Despite being operational now for decades, the U.S. Army’s Bradley Infantry Fighting vehicle lives to fight another day, as evidenced by the continued arrival of newly-upgraded “A4” variants of the platform intended to bring new warfighting technologies to combat and help bridge the time gap until the Army’s new Optionally Manned Fighting Vehicle infantry carrier emerges in coming years.
BAE Systems has now delivered its seventy-fifth Bradley A4, a development which speaks to the continued combat relevance and viability of the war-tested infantry carrier. The newest A4, according to a BAE statement includes new digitized electronics, new networking systems and jamming components, among other things.
“Leveraging the lethality functionality from its predecessor, the Bradley A4 consists of full ballistic fire control hosted on a new central processing unit, aided dual-target tracking, automatic gun target adjustment, automatic bore sighting and hunter-killer capabilities,” a BAE Systems document on the Bradley A4 writes.
The new Bradley variant also has added acceleration potential due to having more horsepower and vehicle maneuverability technologies. It is armed with a Bushmaster 25mm cannon that fires explosive and armor-piercing rounds as well as the tank-killing TOW missile.
Interestingly, the A4 represents the latest iteration in a longstanding Army-BAE effort to sustain Bradley functionality and combat effectiveness over a period of many years. Previous upgrades have included the addition of reactive armor, new armor configurations and materials, a commander’s independent thermal viewer for targeting and data sharing and advanced ammunition able to tailor its explosive or targeting effects.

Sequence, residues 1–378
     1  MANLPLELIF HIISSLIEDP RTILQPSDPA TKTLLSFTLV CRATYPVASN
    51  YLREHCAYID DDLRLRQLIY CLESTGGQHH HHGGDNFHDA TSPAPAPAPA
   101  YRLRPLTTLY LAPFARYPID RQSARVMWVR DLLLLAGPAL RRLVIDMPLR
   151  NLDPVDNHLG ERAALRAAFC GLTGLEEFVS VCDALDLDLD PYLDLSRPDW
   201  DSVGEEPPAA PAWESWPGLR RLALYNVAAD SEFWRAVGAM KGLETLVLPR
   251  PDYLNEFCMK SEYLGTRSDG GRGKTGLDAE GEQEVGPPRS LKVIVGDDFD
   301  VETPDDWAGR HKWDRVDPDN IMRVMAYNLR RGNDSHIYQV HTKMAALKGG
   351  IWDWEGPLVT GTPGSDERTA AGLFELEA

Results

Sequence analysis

One conceptual focus for Army weapons developers upgrading the Bradley has, for many years, been the engineering of newer “multi-function” sensors which not only increase range but also fuse camera input from 360-degrees around the vehicle to optimize surveillance and targeting. These newer sensor systems, Army weapons developers have told The National Interest, often draw upon advanced computer algorithms and automation to augment targeting. Some of these algorithms include infrared search and track with both active and passive technical mechanisms with which to track targets
Using multi-pixel focal plane array technology and infrared detection, the sensors in development are designed for what one senior Army weapons developer called Hostile Fire Detection, or HFD; computer automation, or algorithms created to help organize and communicate incoming sensor data, then assists a human combat vehicle operator in locating targets and significant objects such as approaching enemy drones.
Other advantages to advanced, multi-functional integrated sensing on the Bradley include an ability to track multiple targets at once such as incoming enemy attacks from drones, armored vehicles or even artillery fire and anti-tank missiles. More consolidated, multi-functional sensors able to perform several otherwise separately performed tasks also bring the advantage of decreasing the hardware footprint on a combat vehicle, thereby increasing mobility and deployability.
Kris Osborn is the defense editor for the National Interest. Osborn previously served at the Pentagon as a Highly Qualified Expert with the Office of the Assistant Secretary of the Army—Acquisition, Logistics & Technology. Osborn has also worked as an anchor and on-air military specialist at national TV networks. He has appeared as a guest military expert on Fox News, MSNBC, The Military Channel, and The History Channel. He also has a Masters Degree in Comparative Literature from Columbia University.